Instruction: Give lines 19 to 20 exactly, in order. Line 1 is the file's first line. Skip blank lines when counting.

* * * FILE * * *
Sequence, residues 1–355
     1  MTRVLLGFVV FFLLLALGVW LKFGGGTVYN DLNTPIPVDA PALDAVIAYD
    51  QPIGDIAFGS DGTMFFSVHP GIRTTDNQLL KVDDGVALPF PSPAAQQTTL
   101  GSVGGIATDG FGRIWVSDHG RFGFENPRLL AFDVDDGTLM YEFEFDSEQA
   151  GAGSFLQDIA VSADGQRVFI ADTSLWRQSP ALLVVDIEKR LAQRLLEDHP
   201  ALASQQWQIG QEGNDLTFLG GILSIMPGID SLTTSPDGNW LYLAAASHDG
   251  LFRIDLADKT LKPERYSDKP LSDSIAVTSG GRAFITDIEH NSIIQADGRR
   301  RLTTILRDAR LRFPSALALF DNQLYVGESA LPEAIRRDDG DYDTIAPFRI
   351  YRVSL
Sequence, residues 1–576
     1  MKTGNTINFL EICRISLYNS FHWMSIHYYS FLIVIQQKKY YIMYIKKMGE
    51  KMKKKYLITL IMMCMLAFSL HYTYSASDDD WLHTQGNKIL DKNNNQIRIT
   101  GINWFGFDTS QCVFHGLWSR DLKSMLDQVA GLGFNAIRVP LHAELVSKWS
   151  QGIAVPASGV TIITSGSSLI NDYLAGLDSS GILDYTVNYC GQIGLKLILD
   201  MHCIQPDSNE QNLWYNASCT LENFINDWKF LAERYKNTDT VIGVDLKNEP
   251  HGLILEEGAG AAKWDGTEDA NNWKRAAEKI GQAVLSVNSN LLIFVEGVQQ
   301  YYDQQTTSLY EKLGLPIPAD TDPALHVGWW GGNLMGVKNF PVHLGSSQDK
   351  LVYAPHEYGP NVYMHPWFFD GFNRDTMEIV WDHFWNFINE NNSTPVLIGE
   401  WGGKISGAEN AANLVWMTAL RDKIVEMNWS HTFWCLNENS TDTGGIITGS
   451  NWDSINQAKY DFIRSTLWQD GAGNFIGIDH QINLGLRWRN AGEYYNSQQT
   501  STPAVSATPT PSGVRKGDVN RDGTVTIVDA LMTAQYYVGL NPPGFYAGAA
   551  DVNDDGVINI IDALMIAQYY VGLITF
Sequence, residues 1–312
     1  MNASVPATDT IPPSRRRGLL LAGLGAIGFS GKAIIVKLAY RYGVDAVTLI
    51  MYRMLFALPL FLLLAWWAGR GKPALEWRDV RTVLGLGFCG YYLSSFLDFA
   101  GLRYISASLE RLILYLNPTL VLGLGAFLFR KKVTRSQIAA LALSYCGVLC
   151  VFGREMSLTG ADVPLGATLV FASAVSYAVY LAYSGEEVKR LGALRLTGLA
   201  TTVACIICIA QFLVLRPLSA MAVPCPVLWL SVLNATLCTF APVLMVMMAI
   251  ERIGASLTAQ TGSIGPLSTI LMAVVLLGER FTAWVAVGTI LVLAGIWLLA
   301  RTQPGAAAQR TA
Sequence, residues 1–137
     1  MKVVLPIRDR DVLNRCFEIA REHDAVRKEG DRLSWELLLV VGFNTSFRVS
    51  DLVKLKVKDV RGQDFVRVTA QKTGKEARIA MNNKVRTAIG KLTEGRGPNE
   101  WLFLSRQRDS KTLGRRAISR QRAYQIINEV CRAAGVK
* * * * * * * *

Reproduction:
   401  WGGKISGAEN AANLVWMTAL RDKIVEMNWS HTFWCLNENS TDTGGIITGS
   451  NWDSINQAKY DFIRSTLWQD GAGNFIGIDH QINLGLRWRN AGEYYNSQQT